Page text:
In some regions, you can expect big changes in temperature. For example, in Montana, where in a single day, temperatures went from −54 F to 45 F. Sounds like a lot, but it’s still nothing compared to Mercury, where temperatures tend to vary over 1,000 F in a single day. They start out at −280 F at night and eventually go up to 800 F during the daytime. Picture a wardrobe you’d need to prepare for a single 24-hour visit to Mercury.

Why doesn’t the atmosphere of our home planet vanish and disappear into the vacuum of space? Even though we can’t see them, the gas and vapor molecules that our atmosphere consists of all have mass. As such, all of these molecules feel the gravitational pull of the Earth — just like we do. They could escape, true, if they had enough energy. For instance, if our planet was closer to the sun, the atmosphere would be hotter and its molecules could get away easier.

But, the Earth, fortunately, is just at the right distance from the Sun and has exactly enough mass to keep its atmosphere in the same place. When you think of volcanoes, you probably picture hot, molten lava coming out of them. At least, that’s how it works on Earth. In space, volcanoes can spew methane, water, or even ammonia. Up there, a volcano can also spew specific materials that freeze as they erupt. Then they turn into frozen vapor and some sort of “volcanic snow.”

It’s a common thing on Jupiter’s moons Europa and Io, Pluto, and Saturn’s moon Titan. They’re called cryovolcanoes, and Io has extremely active ones. Over there, you’d see hundreds of vents with plumes of frozen vapor that tend to extend about 250 miles — and NASA vehicles have even captured some erupting in real-time! BAM! Planets, moons, asteroids, comets, stars — they can all collide. And galaxies too. Our galaxy, the Milky Way, is 2.5 million light-years away from Andromeda, our closest galactic neighbor.

Astronomers believe the Milky Way is on a collision course that will destroy both galaxies in the distant future. Or at least, galaxies as we know them. The two galaxies are going faster and faster toward each other at a rapid clip: 250,000 mph. It will be chaotic, and many planets and stars won’t survive the collision. Eventually, these two massive entities will merge and turn into a completely new, unrecognizable galaxy. But here’s a small comfort — scientists assume this is not scheduled to happen for another 4 billion years.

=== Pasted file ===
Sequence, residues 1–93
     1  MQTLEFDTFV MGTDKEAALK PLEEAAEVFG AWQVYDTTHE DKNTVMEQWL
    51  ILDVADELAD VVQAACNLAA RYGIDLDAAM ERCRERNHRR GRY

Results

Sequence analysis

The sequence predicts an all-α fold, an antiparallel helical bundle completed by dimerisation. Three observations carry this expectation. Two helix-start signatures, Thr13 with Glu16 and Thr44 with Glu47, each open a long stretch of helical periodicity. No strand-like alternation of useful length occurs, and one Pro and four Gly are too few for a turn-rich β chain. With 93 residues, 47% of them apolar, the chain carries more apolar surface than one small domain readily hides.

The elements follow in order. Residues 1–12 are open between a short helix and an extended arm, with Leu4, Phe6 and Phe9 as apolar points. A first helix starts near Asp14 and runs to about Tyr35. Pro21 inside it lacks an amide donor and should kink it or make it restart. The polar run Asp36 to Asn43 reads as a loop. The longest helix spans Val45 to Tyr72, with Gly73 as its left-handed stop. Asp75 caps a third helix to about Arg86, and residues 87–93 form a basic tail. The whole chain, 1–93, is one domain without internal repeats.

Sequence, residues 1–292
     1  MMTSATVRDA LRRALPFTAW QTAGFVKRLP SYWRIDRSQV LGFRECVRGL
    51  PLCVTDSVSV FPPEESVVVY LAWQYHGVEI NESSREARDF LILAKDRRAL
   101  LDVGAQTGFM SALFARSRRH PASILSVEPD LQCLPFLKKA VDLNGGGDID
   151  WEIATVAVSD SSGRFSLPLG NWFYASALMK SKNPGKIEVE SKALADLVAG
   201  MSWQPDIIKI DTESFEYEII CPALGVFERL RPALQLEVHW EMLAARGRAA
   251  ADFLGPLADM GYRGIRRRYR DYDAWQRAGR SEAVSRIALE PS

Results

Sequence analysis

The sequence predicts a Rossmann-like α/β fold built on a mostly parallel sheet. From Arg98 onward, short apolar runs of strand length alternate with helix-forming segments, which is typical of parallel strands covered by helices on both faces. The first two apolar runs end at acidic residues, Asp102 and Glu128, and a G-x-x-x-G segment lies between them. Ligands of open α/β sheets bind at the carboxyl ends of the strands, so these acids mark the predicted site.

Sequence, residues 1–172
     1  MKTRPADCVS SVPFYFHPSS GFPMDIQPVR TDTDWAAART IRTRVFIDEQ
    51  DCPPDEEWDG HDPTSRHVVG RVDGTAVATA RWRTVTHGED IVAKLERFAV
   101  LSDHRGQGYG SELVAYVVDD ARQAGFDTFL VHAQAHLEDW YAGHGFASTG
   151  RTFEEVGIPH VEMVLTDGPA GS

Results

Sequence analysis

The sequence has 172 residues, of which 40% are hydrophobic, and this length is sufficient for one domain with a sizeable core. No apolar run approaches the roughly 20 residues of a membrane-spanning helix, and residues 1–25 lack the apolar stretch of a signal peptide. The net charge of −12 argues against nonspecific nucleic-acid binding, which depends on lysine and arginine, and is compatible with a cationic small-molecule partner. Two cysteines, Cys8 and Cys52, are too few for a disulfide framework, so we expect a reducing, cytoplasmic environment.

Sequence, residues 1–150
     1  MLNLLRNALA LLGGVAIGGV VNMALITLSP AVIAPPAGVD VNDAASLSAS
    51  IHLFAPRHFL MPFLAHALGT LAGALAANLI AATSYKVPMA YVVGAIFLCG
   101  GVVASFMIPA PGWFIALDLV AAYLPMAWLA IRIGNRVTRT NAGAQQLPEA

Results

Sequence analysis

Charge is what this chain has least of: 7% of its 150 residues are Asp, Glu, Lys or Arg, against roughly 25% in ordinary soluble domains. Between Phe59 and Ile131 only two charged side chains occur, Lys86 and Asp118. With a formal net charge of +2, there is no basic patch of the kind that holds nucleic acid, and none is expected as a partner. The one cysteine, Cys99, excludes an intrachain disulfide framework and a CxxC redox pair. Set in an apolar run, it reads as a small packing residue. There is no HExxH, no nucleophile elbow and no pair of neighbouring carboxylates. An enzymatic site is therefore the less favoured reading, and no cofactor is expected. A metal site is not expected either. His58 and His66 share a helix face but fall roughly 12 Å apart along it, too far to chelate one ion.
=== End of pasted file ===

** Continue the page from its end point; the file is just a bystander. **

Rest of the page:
In case you want to fuse two pieces of metal together, you already know the only way to do that is to apply heat, so these pieces can reach their melting points. In space, you don’t need heat to do such a thing. Or, basically, any action at all. We call it cold welding, and such a phenomenon happens when you slide the metal pieces over each other. In that case, they wear away their protective oxide layers. On Earth, these layers stop them from fusing, but in space, this type of protection disappears.

That’s why the electrons from one piece of metal just flow into the other piece. And taa-daa, they’re one without any effort! Scientists used to believe the Earth was the only planet in our Solar System with tectonic activity going on. Tectonically active means plates under the crust are moving. This process releases heat which then deforms the Earth’s surface and leads to its shrinking. But now we know this happens on other planets too.

Mercury is also shrinking, and scientists found it out in 2016 when the MESSENGER spacecraft orbited the planet and sent back some important data. It revealed there were cliff-like landforms known as fault scarps on Mercury’s surface. Since these landforms are relatively small, they probably didn’t form that long ago.

That means Mercury is still contracting, even 4.5 billion years after our Solar System was formed. Jupiter’s Great Red Spot is shrinking as well. It’s a huge storm that rages on the planet’s surface. It’s reddish, a bit oval in shape, and more than 10,000 miles [10,159 miles] wide. Yup, that’s big enough to swallow the Earth.

And now it’s been slowly but surely shrinking for a couple of centuries. The Great Red Spot is just one of many high-pressure storms that occur across Jupiter, due to all those gases present there — something that classifies Jupiter as a gas giant.

But just because it’s shrinking doesn’t mean the Great Red Spot is going to blow itself out anytime soon. It’s even growing taller.